To validate this commitment and ensure collaboration, Cisco has in place a Supplier Assessment Process that includes a series of steps that we can take to evaluate a partner's program, ensure that any sites that manufacture Cisco products or components are fully in alignment and work with any partners that need additional support or guidance.

Cisco Supplier Assessment Process

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Cisco's partners are required to demonstrate and provide evidence on:

  • Commitment and Policy: Supplier's executive management is required to review and commit to our Supplier Code of Conduct. They must also provide evidence that their policy or principles are aligned with both our Guiding Principles and the Code.
  • Sustainability Management System: Suppliers must establish, maintain, and provide evidence of a functional Sustainability Management System that drives continuous improvement in areas of ethics, labor, environment, and health and safety.
  • Self Evaluation and Audits: Suppliers are responsible for assessing their conformance with the tenets of the Code through completion of a Self Assessment Questionnaire (SAQ) for all facilities providing Cisco with products or components. The supplier must provide Cisco with access to completed SAQs and, if requested, support a site audit by Cisco or its representative.
  • Key Performance Indicators & Continuous Improvement System: Suppliers must have a system to periodically monitor and measure progress and performance on key sustainability indicators. Suppliers must maintain evidence of a management review process that includes at a minimum, the review of its policies, audit findings, progress to goals, program effectiveness and continuous improvement opportunities.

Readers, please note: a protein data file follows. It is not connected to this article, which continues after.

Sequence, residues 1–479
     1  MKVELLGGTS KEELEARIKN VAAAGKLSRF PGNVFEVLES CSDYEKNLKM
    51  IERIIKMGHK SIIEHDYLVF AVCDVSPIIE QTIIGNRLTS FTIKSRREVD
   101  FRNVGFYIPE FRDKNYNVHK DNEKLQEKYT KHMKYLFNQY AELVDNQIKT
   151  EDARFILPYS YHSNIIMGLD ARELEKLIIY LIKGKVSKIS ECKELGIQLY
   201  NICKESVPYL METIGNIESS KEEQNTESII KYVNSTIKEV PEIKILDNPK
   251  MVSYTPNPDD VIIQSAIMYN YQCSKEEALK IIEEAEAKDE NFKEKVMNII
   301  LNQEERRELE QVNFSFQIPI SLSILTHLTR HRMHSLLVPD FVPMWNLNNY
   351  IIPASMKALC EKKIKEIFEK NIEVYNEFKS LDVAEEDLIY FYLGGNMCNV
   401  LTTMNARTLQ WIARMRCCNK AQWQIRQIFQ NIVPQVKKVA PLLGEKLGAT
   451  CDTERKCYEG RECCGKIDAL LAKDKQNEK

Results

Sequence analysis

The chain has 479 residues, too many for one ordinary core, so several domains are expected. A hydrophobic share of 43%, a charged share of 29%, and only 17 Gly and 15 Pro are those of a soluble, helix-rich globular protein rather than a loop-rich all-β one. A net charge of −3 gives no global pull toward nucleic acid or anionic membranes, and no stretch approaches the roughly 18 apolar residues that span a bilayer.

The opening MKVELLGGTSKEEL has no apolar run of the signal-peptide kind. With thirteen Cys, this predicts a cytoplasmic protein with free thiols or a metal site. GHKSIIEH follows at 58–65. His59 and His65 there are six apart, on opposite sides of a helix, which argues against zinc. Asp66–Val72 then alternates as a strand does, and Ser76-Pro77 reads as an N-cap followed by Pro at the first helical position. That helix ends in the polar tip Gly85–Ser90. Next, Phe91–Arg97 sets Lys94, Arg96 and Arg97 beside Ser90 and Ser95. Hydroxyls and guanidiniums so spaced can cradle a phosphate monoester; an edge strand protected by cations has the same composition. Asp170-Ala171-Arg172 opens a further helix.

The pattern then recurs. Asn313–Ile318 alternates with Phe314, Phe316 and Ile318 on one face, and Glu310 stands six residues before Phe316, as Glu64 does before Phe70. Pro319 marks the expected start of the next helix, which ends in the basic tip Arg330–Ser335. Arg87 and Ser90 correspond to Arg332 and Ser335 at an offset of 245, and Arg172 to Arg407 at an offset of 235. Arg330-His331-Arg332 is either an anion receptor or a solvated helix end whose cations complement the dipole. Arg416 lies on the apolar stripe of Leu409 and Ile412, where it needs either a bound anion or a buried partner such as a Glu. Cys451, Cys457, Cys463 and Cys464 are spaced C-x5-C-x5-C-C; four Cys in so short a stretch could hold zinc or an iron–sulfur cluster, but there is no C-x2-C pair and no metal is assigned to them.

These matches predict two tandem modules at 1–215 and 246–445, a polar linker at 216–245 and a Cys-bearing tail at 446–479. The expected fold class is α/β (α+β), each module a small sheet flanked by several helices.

Cisco is committed to sourcing components and materials from companies that share our values around human rights, ethics and environmental responsibility. We are also committed to sharing our progress on specific issues that our customers, investors, employees, suppliers, and other stakeholders are concerned about.

Congo Map

Conflict Minerals

Over the past three years, Cisco been actively involved in industry initiatives focused on eliminating conflict minerals from our supply chain. Recent US legislation that requires companies to certify that their products are "conflict free" has strengthened our efforts, and we continue to be actively involved in the development of a robust, ethical due-diligence process to meet our obligations.

Cisco's Conflict Minerals Policy (PDF)
For customers: Cisco's position and approach (PDF)
For suppliers: Initial guidance and next steps for Cisco suppliers (PDF)

Workers

Freely Chosen Employment

The California Transparency in Supply Chains Act of 2010 (SB 657) is effective January 1, 2012. This law requires large retailers and manufacturers doing business in the state of California with gross worldwide receipts of over 100 million U.S. dollars (USD) to be transparent about the efforts they have undertaken to eradicate slavery and human trafficking in their direct supply chains for tangible goods offered for sale.

As an active member of the Electronic Industry Citizenship Coalition (EICC), Cisco has adopted the EICC Code of Conduct which prohibits the use of forced, bonded, indentured labor or involuntary prison labor. All work is to be voluntary in the production of Cisco's products and services.

Cisco's position statement

Management Systems

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Labor Rights/Diversity/Corporate Citizenship, Efficient use and protection of natural resources, Ethics/Governance, Human health and safety

Cisco Assesment Process

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Cisco Assesment Process